The result of stress in relationships can lead to worst-case scenarios such as physical abuse, affairs, and divorce … compounding the severity of the external causes of stress!
5. Media Overload
Long gone are the days where the words “you’ve got mail” brought a smile to our faces. While it’s amazing to live in an age where we can learn what’s happening on the other side of the world, real-time, the accompanying information overload is also a top cause of external stress.
Social media is a significant invention that has paved the way for us to easily communicate with people no matter where they are located. However, did you know that there’s also a thing called media overload? This is currently one of the main external causes of stress in the U.S.
According to research done by ESRI-UK, a lot of people have become stressed because they are expected to consume, make sense of, and act on an increasing amount of digital information in their daily lives. This digital information includes emails, social media posts, videos, and phone conversations.
A Forbes article explains that stress is actually appealing because the human brain thrives on novelty and is driven to constantly seek it. Media overload is a case of too much of a good thing!
“When novelty is available in effectively unlimited quantity, the brain becomes overworked as it tries to process this information while driving itself on to search for more. This leads to increased levels of the stress hormone cortisol, which can lead to confusion, memory loss and a state of restlessness.”
How to Relieve Stress Quickly
There are a lot of things that you can do if you’re dealing with stress. But first things first, you should focus on yourself.
One of the best things that you can do is exercise. According to Healthline, putting strain on your body through exercise can relieve mental stress.
You can also reduce your caffeine intake by removing coffee, chocolate, tea, and energy drinks from your daily diet. Instead, you can take supplements such as Ashwagandha, Kava kava, Valerian, Omega-3 essential fatty acids, and green tea. These are all proven to relieve stress and anxiety.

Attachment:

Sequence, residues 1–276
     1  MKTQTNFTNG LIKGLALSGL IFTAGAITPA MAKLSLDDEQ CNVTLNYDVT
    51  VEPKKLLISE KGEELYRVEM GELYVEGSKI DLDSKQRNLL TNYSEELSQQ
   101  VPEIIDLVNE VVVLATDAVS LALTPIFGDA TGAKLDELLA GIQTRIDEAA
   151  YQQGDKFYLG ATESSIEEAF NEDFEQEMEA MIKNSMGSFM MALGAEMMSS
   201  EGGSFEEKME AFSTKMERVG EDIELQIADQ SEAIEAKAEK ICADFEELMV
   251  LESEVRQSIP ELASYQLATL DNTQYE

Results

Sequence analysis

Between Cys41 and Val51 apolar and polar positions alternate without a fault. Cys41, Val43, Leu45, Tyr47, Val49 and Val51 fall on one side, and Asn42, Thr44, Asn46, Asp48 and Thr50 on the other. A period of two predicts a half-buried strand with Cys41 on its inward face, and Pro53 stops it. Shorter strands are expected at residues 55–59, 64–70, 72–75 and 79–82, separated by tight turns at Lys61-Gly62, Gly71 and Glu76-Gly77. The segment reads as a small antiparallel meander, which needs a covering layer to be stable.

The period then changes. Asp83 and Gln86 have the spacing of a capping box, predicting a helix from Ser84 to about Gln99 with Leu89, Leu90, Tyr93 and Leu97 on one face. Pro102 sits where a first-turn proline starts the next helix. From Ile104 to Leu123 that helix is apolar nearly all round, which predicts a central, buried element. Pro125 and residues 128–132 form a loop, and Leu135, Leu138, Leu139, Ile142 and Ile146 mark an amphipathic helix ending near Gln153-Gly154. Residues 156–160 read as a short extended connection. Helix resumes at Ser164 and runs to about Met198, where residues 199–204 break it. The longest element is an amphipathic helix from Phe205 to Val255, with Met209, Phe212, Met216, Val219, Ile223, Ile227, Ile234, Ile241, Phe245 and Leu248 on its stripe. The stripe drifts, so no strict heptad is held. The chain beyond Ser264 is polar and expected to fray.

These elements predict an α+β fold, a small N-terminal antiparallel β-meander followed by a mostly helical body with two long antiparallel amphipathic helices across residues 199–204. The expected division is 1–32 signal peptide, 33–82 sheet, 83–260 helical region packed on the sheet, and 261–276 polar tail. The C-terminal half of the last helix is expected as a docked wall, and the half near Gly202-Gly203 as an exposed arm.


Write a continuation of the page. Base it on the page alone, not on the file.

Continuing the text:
Writing down your thoughts is another way to relieve worry and anxiety in a quick way. You can write down, in a journal or even on a piece of scratch paper, what’s causing you stress. You’ll be surprised by how quickly this relieves your worries. You may even find that some insight comes through in your writing that changes your perception.
An even better stress-reliever is to list the things you are grateful for. Once you do, all those negative thoughts in your mind will quickly be replaced by positive things.
Another strategy is to have a good laugh. We often hear that laughter is the best medicine. And according to HelpGuide, it is indeed strong medicine.
“Nothing works faster to bring your mind and body back into balance than a good laugh,” it says.
“Humor lightens your burdens, inspires hope, connects you to others, and keeps you grounded, focused, and alert. It also helps you release anger and forgive sooner.”
Lastly, practice mindfulness. This practice makes you aware and focused on what’s happening at the present moment. And according to studies, it can help you fight anxiety brought about by negative thinking. Mindfulness also helps you regain your self-esteem, which in turn helps lessen symptoms of anxiety and stress.
What Else Can You Do to Relieve Stress Quickly?
If you’re still feeling overwhelmed and can’t get to the bottom of what is primarily causing stress in your life, there may be toxins that have built up over time that these quick stress-relieving activities simply aren’t a match for. You can identify the toxic burden along with its source with a Metabolic Energy System Assessment (MESA). It includes a Biofield scan that often reveals hidden sources of toxicity.
You can also try to close open loops or unfinished tasks because these are also one of the greatest causes of stress. Click here to read more about closing open loops.